In The Name of God, The Most Gracious, The Dispenser of Grace.
111:1 Doomed are the hands of him of the glowing countenance, and doomed is he!
The real name of this uncle of the Prophet was Abd al-Uzza. He was popularly nicknamed Abu Lahab (lit., “He of the Flame”) on account of his beauty, which was most notably expressed in his glowing countenance (Baghawi, on the authority of Muqatil; Zamakhshari and Razi passim in their comments on the above verse; Fath al-Bari VIII, 599), Since this nickname or kunyah appears to have been applied to him even before the advent of Islam, there is no reason to suppose that it had a pejorative significance. – The expression “hands” in the above clause is, in accordance with classical Arabic usage, a metonym for “power”, alluding to the great influence which Abu Lahab wielded.
111:2 What will his wealth avail him, and all that he has gained?
The expression nar dhat lahab is a subtle play upon the meaning of the nickname Abu Lahab.
111:3 [In the life to come] he shall have to endure a fire fiercely glowing.
Lit., “carrier of firewood”, a well-known idiomatic expression denoting one who surreptitiously carries evil tales and slander from one person to another “so as to kindle the flames of hatred between them” (Zamakhshari; see also Ikrimah, Mujahid and Qatadah, as quoted by Tabari). The woman’s name was Arwa umm Jamil bint Harb ibn Umayyah; she was a sister of Abu Sufyan and, hence, a paternal aunt of Muawiyah, the founder of the Umayyad dynasty. Her hatred of Muhammad and his followers was so intense that she would often, under the cover of darkness, scatter thorns before the Prophet’s house with a view to causing him to hurt; and she employed her great eloquence in persistently slandering him and his message,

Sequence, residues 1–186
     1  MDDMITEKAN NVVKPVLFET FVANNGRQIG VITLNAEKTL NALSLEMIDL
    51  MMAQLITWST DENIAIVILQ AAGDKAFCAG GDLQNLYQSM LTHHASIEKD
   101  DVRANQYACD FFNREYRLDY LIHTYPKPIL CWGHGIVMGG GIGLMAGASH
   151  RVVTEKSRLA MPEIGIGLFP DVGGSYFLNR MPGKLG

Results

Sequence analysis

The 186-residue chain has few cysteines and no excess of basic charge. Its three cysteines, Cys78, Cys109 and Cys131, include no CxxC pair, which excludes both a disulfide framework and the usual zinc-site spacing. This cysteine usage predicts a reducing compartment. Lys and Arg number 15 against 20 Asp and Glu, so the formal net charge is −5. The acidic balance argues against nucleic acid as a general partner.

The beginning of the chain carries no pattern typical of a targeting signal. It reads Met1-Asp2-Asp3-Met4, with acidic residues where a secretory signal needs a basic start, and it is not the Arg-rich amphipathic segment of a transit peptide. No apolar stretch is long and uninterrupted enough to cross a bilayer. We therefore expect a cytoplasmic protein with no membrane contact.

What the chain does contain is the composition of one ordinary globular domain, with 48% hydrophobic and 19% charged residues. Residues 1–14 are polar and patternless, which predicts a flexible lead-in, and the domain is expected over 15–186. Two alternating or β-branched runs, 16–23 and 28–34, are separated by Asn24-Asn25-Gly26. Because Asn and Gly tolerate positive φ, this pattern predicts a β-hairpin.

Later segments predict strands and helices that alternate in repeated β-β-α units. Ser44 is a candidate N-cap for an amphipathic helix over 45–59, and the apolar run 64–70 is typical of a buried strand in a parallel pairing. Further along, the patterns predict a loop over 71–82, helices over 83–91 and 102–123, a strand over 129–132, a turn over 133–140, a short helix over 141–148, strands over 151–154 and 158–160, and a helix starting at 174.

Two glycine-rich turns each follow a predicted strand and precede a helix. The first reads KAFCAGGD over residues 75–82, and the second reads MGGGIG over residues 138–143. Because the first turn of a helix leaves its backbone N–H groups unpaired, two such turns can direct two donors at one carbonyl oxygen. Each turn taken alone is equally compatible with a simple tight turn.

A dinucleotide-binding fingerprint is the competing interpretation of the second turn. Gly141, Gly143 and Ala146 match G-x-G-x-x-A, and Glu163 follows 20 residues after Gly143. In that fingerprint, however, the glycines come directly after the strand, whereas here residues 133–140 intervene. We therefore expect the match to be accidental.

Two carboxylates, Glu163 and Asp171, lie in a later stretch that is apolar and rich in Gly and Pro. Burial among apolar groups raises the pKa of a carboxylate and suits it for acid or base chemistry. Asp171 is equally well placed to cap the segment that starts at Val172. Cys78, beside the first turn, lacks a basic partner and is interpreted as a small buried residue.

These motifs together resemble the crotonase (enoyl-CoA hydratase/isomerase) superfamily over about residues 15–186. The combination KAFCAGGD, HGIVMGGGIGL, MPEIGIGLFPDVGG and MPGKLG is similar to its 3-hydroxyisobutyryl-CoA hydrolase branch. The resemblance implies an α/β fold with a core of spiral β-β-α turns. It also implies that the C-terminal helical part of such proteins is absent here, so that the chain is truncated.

111:4 Together with his wife, that carrier of evil tales.
The term masad signifies anything that consists of twisted strands, irrespective of the material (Qamus, Mughni, Lisan al-Arab). In the abstract sense in which it is evidently used here, the above phrase seems to have a double connotation: it alludes to the woman’s twisted, warped nature, as well as to the spiritual truth that “every human being’s destiny is tied to his neck” (see 17:13 and, in particular, the corresponding note 17) – which, together with verse 2, reveals the general, timeless purport of this surah.
111:5 [Who bears] around her neck a rope of twisted strands!